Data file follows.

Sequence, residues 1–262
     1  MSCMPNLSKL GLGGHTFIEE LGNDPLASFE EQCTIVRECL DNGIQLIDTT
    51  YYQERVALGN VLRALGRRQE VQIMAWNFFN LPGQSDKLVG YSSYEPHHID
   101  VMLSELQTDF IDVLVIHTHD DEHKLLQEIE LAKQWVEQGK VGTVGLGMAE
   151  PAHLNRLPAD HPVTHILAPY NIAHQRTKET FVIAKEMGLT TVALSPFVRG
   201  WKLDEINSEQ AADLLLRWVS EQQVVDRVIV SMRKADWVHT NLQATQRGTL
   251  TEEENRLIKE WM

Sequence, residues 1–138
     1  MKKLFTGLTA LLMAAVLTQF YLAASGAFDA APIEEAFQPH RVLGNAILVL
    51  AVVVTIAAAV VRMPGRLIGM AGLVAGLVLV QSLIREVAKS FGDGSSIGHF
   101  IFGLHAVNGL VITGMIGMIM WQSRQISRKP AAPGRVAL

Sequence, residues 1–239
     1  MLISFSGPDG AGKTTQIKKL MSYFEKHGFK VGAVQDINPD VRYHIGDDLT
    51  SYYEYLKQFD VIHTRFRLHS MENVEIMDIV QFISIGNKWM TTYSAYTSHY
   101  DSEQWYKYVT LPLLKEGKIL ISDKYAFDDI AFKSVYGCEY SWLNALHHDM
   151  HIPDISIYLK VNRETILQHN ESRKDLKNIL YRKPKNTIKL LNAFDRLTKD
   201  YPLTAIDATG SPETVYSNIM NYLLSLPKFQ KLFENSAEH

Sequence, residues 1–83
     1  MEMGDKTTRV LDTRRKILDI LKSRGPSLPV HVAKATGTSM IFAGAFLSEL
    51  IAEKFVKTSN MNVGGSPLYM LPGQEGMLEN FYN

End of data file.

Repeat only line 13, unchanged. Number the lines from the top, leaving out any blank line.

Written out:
     1  MLISFSGPDG AGKTTQIKKL MSYFEKHGFK VGAVQDINPD VRYHIGDDLT